A new report published online today in the National Kidney Foundation's American Journal of Kidney Diseases shows a strong correlation between levels of protein in the urine, or proteinuria, and mortality.
Tanvir Chowdhury Turin of the University of Calgary.
According to the National Kidney Foundation, healthy people have very little protein in the urine since the kidneys act as filters to keep protein in the body.
Proteinuria is an early indication that the kidneys have been damaged in some way, allowing protein to leak out. Key Findings The study analysis was based on lab values from pancreatic cancer urinepatients in Alberta, Pancreatic cancer urine who had undergone proteinuria testing in an outpatient setting.
Across the board, results showed that mild or heavy amounts of proteinuria was tied to shorter life spans in men and women between 30 and 85 years of age. For example, the life expectancies of year-old men and women with no proteinuria were Proteinuria-free men and women also outlived those with mild proteinuria by 8.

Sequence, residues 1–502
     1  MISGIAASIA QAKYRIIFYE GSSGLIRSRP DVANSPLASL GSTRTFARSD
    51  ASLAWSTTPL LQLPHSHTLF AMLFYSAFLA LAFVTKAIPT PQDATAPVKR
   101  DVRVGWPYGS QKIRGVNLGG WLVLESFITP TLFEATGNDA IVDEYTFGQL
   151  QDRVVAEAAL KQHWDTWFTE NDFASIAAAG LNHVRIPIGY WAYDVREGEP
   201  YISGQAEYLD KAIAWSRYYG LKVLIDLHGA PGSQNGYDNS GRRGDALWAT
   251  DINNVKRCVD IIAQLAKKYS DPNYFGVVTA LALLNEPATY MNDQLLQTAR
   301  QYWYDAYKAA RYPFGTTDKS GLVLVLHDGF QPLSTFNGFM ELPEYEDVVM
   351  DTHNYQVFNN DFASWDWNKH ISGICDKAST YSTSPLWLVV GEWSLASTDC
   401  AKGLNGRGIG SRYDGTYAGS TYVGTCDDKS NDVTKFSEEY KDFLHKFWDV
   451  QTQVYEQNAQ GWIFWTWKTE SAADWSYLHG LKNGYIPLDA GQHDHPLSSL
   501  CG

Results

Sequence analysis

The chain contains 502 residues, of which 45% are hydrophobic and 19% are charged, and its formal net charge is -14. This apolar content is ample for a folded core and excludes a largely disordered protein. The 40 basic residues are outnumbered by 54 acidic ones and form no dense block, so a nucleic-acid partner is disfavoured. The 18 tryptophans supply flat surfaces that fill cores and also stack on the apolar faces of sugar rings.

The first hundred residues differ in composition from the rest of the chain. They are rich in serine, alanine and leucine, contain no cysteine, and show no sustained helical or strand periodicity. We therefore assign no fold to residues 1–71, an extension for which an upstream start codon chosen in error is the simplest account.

According to Thomas Manley, Director of Scientific Activities for the National Kidney Foundation, the report sends a clear message that screening for proteinuria can help prolong lives.
Proteinuria is detected through a pancreatic cancer urine urine test that can be done in the doctor's office. People who are at increased risk pancreatic cancer urine developing kidney disease should have their urine tested for proteinuria. This includes anyone with diabetes, high blood pressure, a family history of kidney failure as well as African Americans, Hispanic Americans, Asian Americans and American Indians.
If proteinuria is confirmed, your doctor will need to pinpoint the cause and work on a treatment plan which may include medications, dietary and lifestyle changes. For more information, visit www. The Better Business Bureau Wise Giving Alliance Charity Seal provides the giving public with an easily recognizable symbol which certifies that the National Kidney Foundation meets the comprehensive standards of America's most experienced charity evaluator.